What is progress? That is the question French President Nicolas Sarkozy posed to a distinguished commission. It is exactly the right question, and the future of our culture depends on the answer.
GDP is not the answer, and the Stiglitz Commission — whose report, What is Social Progress? was published yesterday — is clear about that: Progress must be measured by the overall quality of people’s lives.
At this point, the commission identifies two possible approaches. One is to focus on how people feel: Are they happy and contented? This idea goes back to philosophers of the Enlightenment, such as Jeremy Bentham. The other is to focus on people’s objective circumstances: Do they have the capabilities, as economist Amartya Sen calls them, that are conducive to human flourishing?
The commission does not choose between these approaches, and both are infinitely superior to GDP. But it matters greatly which way we choose.
This is not just a technical question. The answer should reflect our deepest beliefs about what matters in life. That is an ethical question. We want our rulers to make the world better by their actions, and we want to do the same ourselves. The criteria for judging both types of action must be the same.
It would obviously be convenient if we could identify one overarching good and, together with many Enlightenment philosophers, I believe that good is happiness. There are many things that are highly desirable: health, freedom, love, and so on. But if we ask why they matter, we can have a discussion: If you are ill, you feel bad. The same if you are enslaved or unloved; it makes you unhappy. But if we ask why it matters if you feel bad and unhappy, there is no answer. It is self-evident.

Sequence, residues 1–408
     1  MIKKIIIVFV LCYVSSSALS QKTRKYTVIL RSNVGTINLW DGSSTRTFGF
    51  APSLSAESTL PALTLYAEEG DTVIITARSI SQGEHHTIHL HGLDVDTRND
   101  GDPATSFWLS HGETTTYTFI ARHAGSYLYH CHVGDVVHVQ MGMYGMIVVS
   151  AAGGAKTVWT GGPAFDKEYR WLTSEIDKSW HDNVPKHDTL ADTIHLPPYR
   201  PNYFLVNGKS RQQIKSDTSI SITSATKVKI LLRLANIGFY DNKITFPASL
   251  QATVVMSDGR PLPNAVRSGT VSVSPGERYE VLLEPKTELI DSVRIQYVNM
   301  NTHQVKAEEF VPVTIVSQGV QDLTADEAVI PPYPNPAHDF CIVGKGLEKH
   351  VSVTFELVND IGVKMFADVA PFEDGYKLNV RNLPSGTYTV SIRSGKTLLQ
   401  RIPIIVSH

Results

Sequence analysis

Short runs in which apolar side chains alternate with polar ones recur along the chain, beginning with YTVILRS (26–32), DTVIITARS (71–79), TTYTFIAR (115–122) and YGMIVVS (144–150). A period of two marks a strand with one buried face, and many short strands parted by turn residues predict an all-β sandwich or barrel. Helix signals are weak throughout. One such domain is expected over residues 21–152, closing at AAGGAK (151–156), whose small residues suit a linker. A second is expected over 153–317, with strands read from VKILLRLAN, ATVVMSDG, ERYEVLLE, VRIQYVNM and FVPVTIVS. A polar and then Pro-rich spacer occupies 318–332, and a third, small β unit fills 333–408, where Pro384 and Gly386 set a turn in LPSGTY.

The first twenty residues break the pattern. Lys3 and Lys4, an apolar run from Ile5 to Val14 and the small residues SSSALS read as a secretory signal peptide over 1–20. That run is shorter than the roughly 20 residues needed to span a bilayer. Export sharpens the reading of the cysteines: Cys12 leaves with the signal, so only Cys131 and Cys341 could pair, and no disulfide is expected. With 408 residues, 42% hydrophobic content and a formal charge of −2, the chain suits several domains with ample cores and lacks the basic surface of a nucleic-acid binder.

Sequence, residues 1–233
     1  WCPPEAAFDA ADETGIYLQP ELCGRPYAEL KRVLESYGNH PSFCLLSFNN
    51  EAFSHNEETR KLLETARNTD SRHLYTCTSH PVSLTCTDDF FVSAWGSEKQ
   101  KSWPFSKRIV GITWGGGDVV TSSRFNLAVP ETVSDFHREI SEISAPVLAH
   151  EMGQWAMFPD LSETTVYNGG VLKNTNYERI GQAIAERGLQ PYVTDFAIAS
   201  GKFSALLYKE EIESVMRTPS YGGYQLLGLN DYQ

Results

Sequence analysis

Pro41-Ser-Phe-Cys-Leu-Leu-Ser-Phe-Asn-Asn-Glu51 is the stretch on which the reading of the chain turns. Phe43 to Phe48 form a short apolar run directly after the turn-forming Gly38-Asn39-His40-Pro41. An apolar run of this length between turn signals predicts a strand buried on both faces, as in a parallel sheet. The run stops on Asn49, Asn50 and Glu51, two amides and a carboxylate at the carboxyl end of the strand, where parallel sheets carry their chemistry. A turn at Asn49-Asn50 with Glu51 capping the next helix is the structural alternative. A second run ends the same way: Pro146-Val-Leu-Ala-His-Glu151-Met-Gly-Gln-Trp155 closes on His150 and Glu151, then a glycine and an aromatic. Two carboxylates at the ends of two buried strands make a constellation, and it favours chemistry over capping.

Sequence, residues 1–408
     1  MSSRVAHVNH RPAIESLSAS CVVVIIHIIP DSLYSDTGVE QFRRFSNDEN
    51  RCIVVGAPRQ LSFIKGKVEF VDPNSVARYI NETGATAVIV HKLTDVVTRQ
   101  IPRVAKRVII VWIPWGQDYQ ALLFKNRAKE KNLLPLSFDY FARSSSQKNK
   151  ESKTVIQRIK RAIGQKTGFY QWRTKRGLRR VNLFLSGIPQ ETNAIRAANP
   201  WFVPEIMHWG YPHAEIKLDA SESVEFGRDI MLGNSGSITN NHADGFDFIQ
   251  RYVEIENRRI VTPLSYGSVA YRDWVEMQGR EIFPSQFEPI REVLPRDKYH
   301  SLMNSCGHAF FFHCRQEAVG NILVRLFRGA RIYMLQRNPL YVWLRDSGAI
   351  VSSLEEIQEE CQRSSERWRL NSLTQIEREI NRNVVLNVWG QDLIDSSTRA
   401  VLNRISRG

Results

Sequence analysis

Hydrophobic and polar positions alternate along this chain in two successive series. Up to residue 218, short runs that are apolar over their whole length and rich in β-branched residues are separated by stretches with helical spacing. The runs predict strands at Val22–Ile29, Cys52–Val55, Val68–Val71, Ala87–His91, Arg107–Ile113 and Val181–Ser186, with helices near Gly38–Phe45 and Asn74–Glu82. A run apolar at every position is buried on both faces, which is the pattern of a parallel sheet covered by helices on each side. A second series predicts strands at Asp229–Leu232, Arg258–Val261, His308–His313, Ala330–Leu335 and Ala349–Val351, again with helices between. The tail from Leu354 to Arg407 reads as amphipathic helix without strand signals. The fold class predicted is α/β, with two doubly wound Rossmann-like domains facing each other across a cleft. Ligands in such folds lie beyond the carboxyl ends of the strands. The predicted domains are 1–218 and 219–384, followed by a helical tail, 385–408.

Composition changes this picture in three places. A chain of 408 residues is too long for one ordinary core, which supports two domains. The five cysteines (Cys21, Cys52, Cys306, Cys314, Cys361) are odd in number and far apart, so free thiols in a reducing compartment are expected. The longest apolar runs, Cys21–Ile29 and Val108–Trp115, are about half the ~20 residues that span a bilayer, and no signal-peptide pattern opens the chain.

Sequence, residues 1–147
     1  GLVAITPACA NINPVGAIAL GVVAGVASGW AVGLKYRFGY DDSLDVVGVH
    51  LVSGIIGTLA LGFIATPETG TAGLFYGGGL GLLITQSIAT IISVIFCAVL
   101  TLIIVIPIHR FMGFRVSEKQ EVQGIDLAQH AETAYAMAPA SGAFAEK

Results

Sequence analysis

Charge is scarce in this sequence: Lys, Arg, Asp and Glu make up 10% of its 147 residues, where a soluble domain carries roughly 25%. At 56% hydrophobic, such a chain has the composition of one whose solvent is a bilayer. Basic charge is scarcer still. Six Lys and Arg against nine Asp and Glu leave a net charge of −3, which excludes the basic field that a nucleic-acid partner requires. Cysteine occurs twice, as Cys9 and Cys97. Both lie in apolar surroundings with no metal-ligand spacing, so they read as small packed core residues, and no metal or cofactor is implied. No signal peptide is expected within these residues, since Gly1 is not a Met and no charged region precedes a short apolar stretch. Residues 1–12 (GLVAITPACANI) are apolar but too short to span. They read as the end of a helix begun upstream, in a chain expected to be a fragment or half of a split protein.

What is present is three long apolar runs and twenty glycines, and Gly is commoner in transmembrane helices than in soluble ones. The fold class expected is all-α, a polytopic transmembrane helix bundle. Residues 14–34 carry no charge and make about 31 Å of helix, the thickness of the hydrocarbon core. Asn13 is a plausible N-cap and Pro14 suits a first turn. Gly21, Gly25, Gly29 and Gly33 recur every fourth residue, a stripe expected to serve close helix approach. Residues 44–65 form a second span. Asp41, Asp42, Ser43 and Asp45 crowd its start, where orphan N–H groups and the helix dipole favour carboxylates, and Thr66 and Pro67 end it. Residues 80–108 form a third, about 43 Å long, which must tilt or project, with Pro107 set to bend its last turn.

So it is time to reassert the noble philosophy of the Enlightenment. In this view, every human being wants to be happy, and everybody counts equally.
It follows that progress is measured by the overall scale of human happiness and misery. And the right action is the one that produces the greatest happiness in the world and (especially) the least misery. I can think of no nobler ideal.
The focus on happiness is not self-contradictory, because modern psychology shows that people who care more about the happiness of others will themselves become happier. So policymakers should take as their objective the happiness and misery of the people. In previous centuries this would have been difficult to implement. But in recent decades there has been a huge increase in our ability to measure happiness and in our knowledge of its causes.
This new knowledge is important: as the commission points out, it is not enough to measure progress separately on many fronts. We also need to know how to add them up: Otherwise we have no common currency with which to compare different types of improvement. If we accept overall happiness as our criterion — with more weight attached to the relief of misery — this overarching criterion will give us an empirically defensible system of weights.
So I propose a campaign for the Principle of the Greatest Happiness. This says that I should aim to produce the most happiness I can in the world and, above all, the least misery. And my rulers should do the same. This principle would lead to better private lives and better public policy. We desperately need a social norm in which the good of others figures more prominently in our personal goals. Today’s excessive individualism removes so much of the joy from family life, work and even friendship.
There have been objections to this principle, which can be answered. But even some sympathizers prefer the term “flourishing” to “happiness.” Why is this? I fear it reflects a streak of puritanism — that happiness ought to come from some sources rather than others. But in the world’s great literature, people discuss whether they are happy, not whether they are flourishing. When we discuss the quality of life, we should use the words that people use to describe themselves.
In Britain, the US and Germany, happiness has been stagnating for decades. This was one of the triggers for Sarkozy’s commission. But the answer to his question cannot be purely technical. It must be based on the motivations we wish to develop in people: how they want to treat each other, as well as what policies they support. A civilization based on the Greatest Happiness Principle would be a great improvement.
Richard Layard is director of the Wellbeing Programme at the Centre for Economic Performance in London.
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